|

Dragons, mist and bouncy clouds await in west Tokyo

by Jason Jenkins

About 45 minutes from Tokyo’s skyscrapers, resting in the hinterlands of Tachikawa there is a land of mist and dragons. It’s a place where rolling hills tumble toward an Aztec pyramid, and children bounce on clouds. The place is called Showa Kinen Koen, and an afternoon there is time well spent.

Take the train to Nishi Tachikawa station and walk in the main entrance. The park is massive: over three times the size of Yoyogi Koen, which covers 54 hectares in downtown Tokyo. Rental bikes are a great way to get around the place, and you’ll find rental stations near all three main entrances. Keep in mind, however, that the bike paths are separate from the walking paths, so if your group wants to stay together, then two-wheel sightseeing is an all-or-none affair. There is also a kiddie train that putters through the park at set intervals, but save that for when exhaustion hits. There are kids’ bikes and bikes with baby seats as well, but if you want them, try to get there well before lunch time or they could all be rented out.

That happened to me recently when I visited the park with my family, so our substitute exercise became a boat ride in the pond nearby. There are plenty of paddle boats on offer, but my kids begged to try a rowboat. I foolishly acquiesced. I can now say from experience that rowboats are not the best choice for two elementary school students and a landlubbing schlub like myself. If you know your way around a pair of oars, then please, don’t let me stop you. If not, then it’s quite possible that you will end up wet, vexed and floating in circles. The paddleboat is a much more elegant solution: simple steering, concentrated propulsion, and all that paddle-splash sprays away from you.

Once back on dry land, I suggest a trek away from the Tachikawa gates and toward the northwestern corner of the park. This is a 20-minute walk at least, depending on your pace, but it’s worth it. On your way you’ll pass by Showa Kinen Koen’s waterpark on the left, an ideal place cool off in summer. Another 5-minute’s walk from the waterpark and you reach a massive open field lined with flowers. This is where frisbees, soccer balls and kites come in handy. If stomachs start to grumble, this is also an ideal spot for a picnic. You should have already passed a few food stalls on your way, but if you missed your chance then, there are several more within eyesight of the field. Nutrition is scarce on these menus, so we usually bring a few oranges and cucumbers from home to make us feel less guilty about the sausages and crepes we’ll consume throughout the day.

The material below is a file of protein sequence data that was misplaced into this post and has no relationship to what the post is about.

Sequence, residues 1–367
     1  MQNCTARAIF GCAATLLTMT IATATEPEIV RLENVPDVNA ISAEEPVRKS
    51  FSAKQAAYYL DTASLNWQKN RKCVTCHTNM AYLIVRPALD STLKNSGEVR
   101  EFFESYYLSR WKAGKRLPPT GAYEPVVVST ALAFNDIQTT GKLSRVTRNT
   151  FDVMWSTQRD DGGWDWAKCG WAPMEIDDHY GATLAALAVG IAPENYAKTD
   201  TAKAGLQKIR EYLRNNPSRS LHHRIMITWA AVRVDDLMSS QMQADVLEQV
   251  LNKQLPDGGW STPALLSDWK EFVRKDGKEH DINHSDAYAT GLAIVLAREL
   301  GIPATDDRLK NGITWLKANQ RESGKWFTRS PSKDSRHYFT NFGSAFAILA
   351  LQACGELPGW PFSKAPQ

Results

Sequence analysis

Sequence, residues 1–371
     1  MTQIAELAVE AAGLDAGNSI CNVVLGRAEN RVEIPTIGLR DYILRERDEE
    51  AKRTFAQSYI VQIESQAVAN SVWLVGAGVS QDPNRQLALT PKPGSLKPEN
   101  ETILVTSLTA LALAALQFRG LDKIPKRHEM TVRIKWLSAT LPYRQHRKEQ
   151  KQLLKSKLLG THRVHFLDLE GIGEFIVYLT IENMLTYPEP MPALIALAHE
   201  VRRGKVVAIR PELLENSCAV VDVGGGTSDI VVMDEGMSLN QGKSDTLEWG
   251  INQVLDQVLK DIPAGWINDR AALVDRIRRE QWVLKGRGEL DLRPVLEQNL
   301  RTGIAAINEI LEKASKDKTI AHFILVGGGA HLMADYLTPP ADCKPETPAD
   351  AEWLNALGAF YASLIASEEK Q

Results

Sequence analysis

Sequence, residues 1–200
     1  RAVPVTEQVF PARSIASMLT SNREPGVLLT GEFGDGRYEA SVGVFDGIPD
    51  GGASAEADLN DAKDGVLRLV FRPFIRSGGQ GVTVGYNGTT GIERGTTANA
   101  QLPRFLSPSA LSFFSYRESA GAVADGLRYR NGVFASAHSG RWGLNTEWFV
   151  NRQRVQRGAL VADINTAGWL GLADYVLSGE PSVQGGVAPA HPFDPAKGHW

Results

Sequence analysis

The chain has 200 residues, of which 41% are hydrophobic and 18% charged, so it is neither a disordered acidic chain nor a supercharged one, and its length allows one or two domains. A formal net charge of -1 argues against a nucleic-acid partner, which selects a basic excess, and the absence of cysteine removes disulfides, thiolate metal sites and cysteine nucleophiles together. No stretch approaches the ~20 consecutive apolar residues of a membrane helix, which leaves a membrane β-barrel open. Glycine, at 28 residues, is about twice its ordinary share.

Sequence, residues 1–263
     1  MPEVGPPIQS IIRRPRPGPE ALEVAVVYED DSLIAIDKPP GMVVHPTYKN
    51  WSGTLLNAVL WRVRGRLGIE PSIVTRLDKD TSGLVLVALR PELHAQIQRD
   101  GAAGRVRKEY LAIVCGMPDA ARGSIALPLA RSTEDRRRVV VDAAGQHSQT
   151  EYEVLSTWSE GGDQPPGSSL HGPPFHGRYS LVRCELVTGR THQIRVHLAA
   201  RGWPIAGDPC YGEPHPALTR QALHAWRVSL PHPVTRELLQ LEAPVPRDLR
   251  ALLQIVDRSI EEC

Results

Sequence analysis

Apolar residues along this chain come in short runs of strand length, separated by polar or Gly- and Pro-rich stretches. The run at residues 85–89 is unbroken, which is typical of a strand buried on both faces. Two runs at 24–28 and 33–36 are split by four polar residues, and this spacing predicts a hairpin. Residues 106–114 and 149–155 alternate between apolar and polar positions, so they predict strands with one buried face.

After a bite and a rest on the grass, get back on the path and continue northward, and the territory gets more interesting. The path and the benches nearby take on odd, asymmetrical shapes and are covered with colored pebbles and shards of pottery, like remnants pulled from Gaudi’s workshop. Take the path next to a stone snake and you’ll soon encounter a recessed area with a spiral sidewalk that resembles an amphitheater whose concrete steps are washing away, ever-so-slowly circling the drain. Once you pass this area, follow the squeals of laughter ahead and you’ll soon arrive at one of my favorite playgrounds in Japan. Here you’ll find a variety of structures designed to keep your kids active for hours. There is a network of colorful nets and canopies to navigate, and the aforementioned pyramid looms over the treeline, like something from the set of an Indiana Jones movie. Reinforcing the exotic vibe are mist machines at the foot of the pyramid, shrouding the nearby area with cooling vapor several times a day (exactly how well-shrouded depends on the weather).

Around the corner from here are massive dragon heads, each one a colossal collage of stones, cement and ceramics. You’ll definitely want a picture of your kids scrambling over the face of these creatures, but so does every other parent, so be patient. Once you’ve snapped a few, it’s time for the Bouncing Dome of rubber clouds. Here you’ll find inflated white blobs covering an area the size of a football field, their surfaces adorned with dozens of airborne children. Several areas are marked off by age level, so toddlers can hop, flop and roll without being plowed over by a 6th-grader (parents may still want to stay close). If your kids have sensitive skin, sunscreen is crucial here. The entire surface is white, and so even if kids wear a hat, all that UV is bouncing right back onto them.

Once the sun starts to set, the best way to avoid the long walk back to the Nishi Tachikawa gate is to take that kiddy-train I mentioned. Hop on at one of the many stations throughout the park and you can cut your return time in half.

I’ve been to Showa Kinen Koen half a dozen times and have still seen only half of the park. But I’m looking forward to more adventures there. You will too.

For more information visit www.showakinenpark.go.jp/english/